Which Evolution for the Steampunk Style ?
This genre therefore works particularly well because the period in which it is anchored is a true founding era. From the historical point of view but also from the point of view of popular fiction, its birth is a perfect response to the contemporary period. With steampunk we play more and more with what the public knows about fiction and its codes and therefore where innovative speeches meet with great success.
The 80's, which saw the birth of steampunk, are a period where we try to re-enchant the world not by utopias but by
recycling, the future as revealed by the previous generation. This is what some call postmodernity, a concept that remains debatable despite everything. The direct leap from 1880 to 1980 to the specifics of each of these moments, they make the genesis of this genre. All this makes steampunk a very exciting and rich genre to analyze, it has become for some, a culture and a real way of life.
Especially when it is coupled with the internet and digital tools that allow you to cut, mix, de-contextualize everything. We can think for example of individuals who replay scenes of star wars on youtube, who write Harry Potter fan-fictions or who dress up as manga heroes at conventions.
Besides, when we think of Steampunk, we don't immediately think of a work, as could be the case for another genre, nor of a specific current, but of the overall aesthetic of the genre. I imagine zeppelins, copper submarines, heroes wearing colonial hats. There is no precise universe, no founding work, no films that immediately come to mind. Steampunk didn't have its star wars, didn't have its lord of the rings... no work that is not only revered by fans, but also immediately suggests the themes and aesthetics of a genre to a wider audience. So it's a disadvantage to describe the genre to outsiders, but again, it also gives a lot of creative freedom.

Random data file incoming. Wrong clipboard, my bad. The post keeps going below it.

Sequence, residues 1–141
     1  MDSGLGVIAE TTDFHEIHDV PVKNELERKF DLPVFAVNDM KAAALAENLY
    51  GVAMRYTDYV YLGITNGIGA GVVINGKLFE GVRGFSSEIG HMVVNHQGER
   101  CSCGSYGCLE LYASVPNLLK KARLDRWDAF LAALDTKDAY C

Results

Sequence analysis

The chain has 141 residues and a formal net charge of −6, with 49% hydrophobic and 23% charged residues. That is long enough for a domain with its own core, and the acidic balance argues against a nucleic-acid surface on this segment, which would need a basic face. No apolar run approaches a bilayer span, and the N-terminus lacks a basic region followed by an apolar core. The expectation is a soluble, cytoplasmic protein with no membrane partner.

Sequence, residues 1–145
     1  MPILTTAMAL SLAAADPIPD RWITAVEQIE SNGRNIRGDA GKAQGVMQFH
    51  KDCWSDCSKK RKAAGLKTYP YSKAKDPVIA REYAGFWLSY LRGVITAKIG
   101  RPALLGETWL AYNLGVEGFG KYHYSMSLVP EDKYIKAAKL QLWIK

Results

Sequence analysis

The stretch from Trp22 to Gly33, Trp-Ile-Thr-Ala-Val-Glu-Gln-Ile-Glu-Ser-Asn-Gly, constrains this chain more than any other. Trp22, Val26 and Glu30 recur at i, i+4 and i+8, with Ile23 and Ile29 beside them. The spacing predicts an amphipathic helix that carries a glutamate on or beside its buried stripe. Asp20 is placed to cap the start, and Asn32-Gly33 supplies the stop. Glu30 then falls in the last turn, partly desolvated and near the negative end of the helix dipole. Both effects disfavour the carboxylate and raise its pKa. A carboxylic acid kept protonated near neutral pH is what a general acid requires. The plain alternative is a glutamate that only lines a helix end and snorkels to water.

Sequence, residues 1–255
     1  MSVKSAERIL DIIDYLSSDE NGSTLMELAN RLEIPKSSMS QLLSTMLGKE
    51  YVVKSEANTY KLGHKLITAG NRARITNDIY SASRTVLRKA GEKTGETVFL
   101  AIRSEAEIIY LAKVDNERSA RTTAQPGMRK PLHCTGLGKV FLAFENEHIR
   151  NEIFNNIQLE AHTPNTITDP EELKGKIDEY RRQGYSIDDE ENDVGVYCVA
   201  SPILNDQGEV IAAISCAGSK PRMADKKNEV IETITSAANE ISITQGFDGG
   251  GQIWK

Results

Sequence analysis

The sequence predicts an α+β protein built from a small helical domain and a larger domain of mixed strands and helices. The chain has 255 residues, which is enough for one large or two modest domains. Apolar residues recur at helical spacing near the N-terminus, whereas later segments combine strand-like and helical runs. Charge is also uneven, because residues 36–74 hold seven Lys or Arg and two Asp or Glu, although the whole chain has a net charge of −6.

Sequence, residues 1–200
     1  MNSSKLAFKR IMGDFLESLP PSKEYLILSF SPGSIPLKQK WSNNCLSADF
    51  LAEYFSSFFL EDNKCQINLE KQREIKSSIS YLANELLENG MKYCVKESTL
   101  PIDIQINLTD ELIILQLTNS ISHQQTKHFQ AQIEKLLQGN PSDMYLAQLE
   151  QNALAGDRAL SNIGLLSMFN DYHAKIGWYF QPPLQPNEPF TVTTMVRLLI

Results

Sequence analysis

I know who the founders of the genre are, I've read their books, if I concentrate I can cite a few films of the genre, like Steamboy or Wild Wild Wild West for example... but I don't have a very situational and dense repertoire of imaginary references. If I think fantasy, very quickly I can imagine dwarves, hobbits, elves, I will dive into the bestiary of dungeons & dragons (forgetting the adapted film). I will also think about the geography of Middle-earth or in the humour of Terry Pratchett. When I think science fiction, I already hear the sounds of lightsabers and see the sprawling city of Blade Runner. In the case of steampunk, it's less the case, I don't see one work in particular, it's the genre that is a universe unto itself.
This lack of a universe of references other than the historical period on which it is based, and the fictions of that period, make it a very particular genre, and this is far from being a handicap. Fans of the genre can move away from the canons of respect for a work even more easily than others.
This also partly explains the participatory fever that animates these enthusiasts, when the genre is the world (and vice versa), and is not represented by a few central works, it makes it more fragile. It is necessary to constantly give it body, consistency, life and illustrate it in order to then circulate the imaginary that comes from it. What in the end becomes its strength, then maybe one day a work will change the game, while waiting for the genre and its playful evolutions remain exciting and to be savored.
And now, you will be persuaded like me that most people appreciate the trend, used in so many works, without knowing steampunk. Since then the style has attracted a lot of people for various reasons. Some are simply attracted by the Victorian era, others by the industrial, the vintage, or the imaginary so powerful of steampunk.
Thank you all for reading this paving stone, share, visit the store if you are looking for steampunk objects. I hope you want to know more. For my part I give you an appointment for a future article ... see you soon vaporist!